After a while of traveling – in my case almost four months now – you crave a solid place to stay, just a little bit longer in the same room with the same people in the same environment. I never thought I would find it in Nicaragua and definitely not in a party place like San Juan Del Sur. But apparently I did.
Let’s start at the beginning, my arrival in the city of León, once the heart of the Sandinista revolution, now widely known as the base town to go volcano boarding. A colonial city filled with colourful houses, murals representing freedom and the values and morals of te Sandinista movement, flags and churches, churches, churches. And a beautiful creamy white cathedral with a magnificent view on the city and the volcanoes surrounding it. Early in the morning is the best moment to visit, while the air isn’t hot yet and your eyes won’t be blinded by the whiteness of it. Wear socks, as you can’t walk on the roof with shoes. Another interesting view is to be found right across the cathedral, on the roof of a worn out colonial house – covered with loose corrugated sheet, some with holes in it – during your visit at the museum of the revolution. Don’t expect a regular museum, this is a house filled with pictures and memories, with tours given by Sandinista veterans, who tell you their story according to old black and white pictures hanging on the walls. And they grab your hand while you try not to burn your feet on the metal roof. – one of the most interesting museum visits I ever had, especially because my guide let his phone charge in a cut in the painting representing one of the Sandinista leaders, somewhere in the middle of the museum. I was too late to take a picture – And then the volcano boarding. I loved that. The boarding itself passes by pretty quickly – depending on your speed of course – but the walk up the Cerro Negro, the view on the other volcanoes in the ring of fire and the double crater make the hike definitely worth it. And it’s just heaps and heaps of fun the slide down a volcano on a wooden board. Did I like León? Absolutely. But I liked the people I’ve met there even more.
First of all I met M., a gorgeous and lovely dutch girl, who I’m traveling with now for almost three weeks already. She surprised me by suddenly starting to speak dutch to me after we already conversated in english for two days. Luckily I found her back in another hostel in Granada after she left León a day earlier than me. Then the Australian guys J., E. & B. They’re worth mentioning because of one of the funniest afternoons/evenings in Nicaragua. I’m not going to talk about details, but I can say a lot of beers, rum, a tattoo shop, a taxi, a casino, nudity, 6 other people and some lost crutches were involved. Also T. & C., who I met in Antigua and saw again in León – and Granada and San Juan Del Sur –, always got the party started. And of course S., who was involved in the whole tattoo thing without wanting it, but that doesn’t matter, everybody loved him anyway. All of them and more people made me have a blast in León.
From colonial León I moved on to even more colonial Granada. The first thing I did up there was run into M. in my hostel. As we were so happy to see each other, we spend the rest of the day having lunch and dinner and talking about everything what came into mind. Of course, the next day was used to discover the city – in a carriage pulled by a horse, just like real tourists – and walking around, taking pictures and having good food. From that day on we decided to travel together for a while, since we got along so well and speak the same language. – I’m still very happy with this decision – Since Granada was pretty quiet after León, we figured it would be better to travel onward to San Juan Del Sur.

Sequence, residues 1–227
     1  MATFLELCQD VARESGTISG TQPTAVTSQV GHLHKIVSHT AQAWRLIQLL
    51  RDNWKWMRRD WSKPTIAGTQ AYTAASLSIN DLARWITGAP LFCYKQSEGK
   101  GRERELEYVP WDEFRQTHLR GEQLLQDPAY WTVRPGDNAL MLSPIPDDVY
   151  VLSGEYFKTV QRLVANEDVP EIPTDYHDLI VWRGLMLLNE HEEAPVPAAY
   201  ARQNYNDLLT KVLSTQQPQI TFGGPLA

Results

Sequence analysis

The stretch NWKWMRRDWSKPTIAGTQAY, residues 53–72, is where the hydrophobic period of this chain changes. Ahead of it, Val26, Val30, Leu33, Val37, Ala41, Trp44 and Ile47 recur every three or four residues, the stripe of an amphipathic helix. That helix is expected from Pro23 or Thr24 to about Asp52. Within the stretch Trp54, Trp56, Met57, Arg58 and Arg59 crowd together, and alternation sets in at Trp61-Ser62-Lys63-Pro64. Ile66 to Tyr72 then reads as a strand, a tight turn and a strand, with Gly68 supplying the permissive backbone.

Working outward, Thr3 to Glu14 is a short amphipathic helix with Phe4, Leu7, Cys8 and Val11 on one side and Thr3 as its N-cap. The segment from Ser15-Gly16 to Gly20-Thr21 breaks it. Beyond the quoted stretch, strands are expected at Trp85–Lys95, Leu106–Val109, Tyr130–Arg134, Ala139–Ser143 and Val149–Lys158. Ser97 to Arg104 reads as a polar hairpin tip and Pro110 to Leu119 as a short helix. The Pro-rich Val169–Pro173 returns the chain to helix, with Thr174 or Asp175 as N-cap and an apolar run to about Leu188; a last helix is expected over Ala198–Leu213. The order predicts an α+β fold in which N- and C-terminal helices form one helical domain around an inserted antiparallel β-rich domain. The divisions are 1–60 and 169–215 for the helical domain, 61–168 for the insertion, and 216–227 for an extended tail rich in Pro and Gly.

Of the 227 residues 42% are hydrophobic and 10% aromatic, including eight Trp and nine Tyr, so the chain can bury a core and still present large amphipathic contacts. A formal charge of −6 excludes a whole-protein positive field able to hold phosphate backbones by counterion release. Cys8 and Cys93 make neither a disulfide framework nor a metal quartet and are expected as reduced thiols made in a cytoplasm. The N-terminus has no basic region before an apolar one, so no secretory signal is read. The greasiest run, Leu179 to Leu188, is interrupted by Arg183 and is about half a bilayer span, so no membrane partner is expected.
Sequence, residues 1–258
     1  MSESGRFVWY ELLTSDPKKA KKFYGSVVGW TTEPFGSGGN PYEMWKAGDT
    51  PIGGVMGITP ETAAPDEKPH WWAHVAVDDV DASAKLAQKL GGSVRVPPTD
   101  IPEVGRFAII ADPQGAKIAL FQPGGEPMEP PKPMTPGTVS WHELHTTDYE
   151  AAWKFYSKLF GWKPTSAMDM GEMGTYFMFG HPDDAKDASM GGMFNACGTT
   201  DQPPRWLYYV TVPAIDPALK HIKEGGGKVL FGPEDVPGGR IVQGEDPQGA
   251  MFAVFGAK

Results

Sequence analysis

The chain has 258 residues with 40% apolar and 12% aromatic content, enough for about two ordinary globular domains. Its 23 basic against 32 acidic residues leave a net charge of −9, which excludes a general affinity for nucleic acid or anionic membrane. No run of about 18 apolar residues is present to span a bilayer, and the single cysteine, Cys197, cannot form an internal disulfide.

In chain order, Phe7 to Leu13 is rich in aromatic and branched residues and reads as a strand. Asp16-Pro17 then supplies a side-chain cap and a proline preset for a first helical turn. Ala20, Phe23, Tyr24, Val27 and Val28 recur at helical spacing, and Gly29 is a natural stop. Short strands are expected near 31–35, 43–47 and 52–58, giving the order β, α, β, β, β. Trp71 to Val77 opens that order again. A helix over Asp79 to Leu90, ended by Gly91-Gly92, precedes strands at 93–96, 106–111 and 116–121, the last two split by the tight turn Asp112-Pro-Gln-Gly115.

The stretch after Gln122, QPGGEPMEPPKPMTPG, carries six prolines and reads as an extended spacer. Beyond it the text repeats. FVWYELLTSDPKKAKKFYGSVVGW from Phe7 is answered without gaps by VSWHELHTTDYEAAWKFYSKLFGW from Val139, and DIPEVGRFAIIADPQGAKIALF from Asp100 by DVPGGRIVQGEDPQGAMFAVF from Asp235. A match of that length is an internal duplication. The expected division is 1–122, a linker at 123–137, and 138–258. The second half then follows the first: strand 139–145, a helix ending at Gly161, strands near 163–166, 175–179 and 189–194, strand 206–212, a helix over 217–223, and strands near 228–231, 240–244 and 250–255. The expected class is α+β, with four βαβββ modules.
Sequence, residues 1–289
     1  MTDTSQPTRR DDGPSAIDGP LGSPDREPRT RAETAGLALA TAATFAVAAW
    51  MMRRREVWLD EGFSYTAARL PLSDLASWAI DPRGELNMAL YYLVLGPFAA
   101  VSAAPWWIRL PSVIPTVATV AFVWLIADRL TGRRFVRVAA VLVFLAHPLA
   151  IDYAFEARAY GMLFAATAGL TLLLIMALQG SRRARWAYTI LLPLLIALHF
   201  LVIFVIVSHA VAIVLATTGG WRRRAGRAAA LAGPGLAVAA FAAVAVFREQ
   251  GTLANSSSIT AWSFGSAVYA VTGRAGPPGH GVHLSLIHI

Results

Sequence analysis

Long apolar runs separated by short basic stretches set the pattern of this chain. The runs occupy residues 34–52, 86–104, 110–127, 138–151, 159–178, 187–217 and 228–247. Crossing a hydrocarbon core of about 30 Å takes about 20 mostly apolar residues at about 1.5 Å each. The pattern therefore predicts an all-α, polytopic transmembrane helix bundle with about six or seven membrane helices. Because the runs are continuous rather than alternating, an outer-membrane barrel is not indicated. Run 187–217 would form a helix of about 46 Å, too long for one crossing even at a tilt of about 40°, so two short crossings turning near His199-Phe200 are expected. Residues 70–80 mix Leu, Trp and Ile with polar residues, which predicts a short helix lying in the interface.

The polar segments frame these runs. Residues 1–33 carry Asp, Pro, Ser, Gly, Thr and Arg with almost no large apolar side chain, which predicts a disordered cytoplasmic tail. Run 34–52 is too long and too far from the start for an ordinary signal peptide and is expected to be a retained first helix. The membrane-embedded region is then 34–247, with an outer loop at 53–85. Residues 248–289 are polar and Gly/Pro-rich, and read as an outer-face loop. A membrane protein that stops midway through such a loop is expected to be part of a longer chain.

And that’s were we got stuck. Why? Sun. Pretty beaches. Pretty surfers. Good food. A lot of cheap rum. New and old friends. Too many parties. There’s this phenomenon called ‘sunday funday’ in San Juan, which basically is a big booze/pool pub crawl day. Everybody gets wasted and everybody has a hell of a good time. So did I. And to be honest, it was quite nice to stay at the same place for a while. Having a great time with great people. Taking a break from packing my bags and moving on every 3/4 days. So four days became a week and a week became two weeks. In the meantime an eartquake in Chile caused a tsunami warning all along the pacific coastline…which is exactly 30 seconds walking from my hostel – Pachamama, I highly recommend staying in the annex -. The moment the sirens started, nobody – except for M., who was reading about it – knew what was going on. When we realized it was serious, we tried to get as much people in to a car as we could – which is 14 – and drove to higher ground. The Naked Tiger hostel to be exactly. People up there had no idea what was going on and thought we joined them for the party. Afterwards it was clear there wasn’t going to be a tsunami, so the party got started. What was supposed to be a quiet night, ended up being a blast. Again. To be honest, I was sad to leave San Juan, and still miss everybody up there. I can only say thanks to everybody who partied or hung out with me – you know who you are: K., J., B., P., C., A., T., K., Z., M., … too many to mention – and I hope we see each other again. In Central America or elsewhere.
Pictures sunday funday – photocredit Abe Ramirez Photography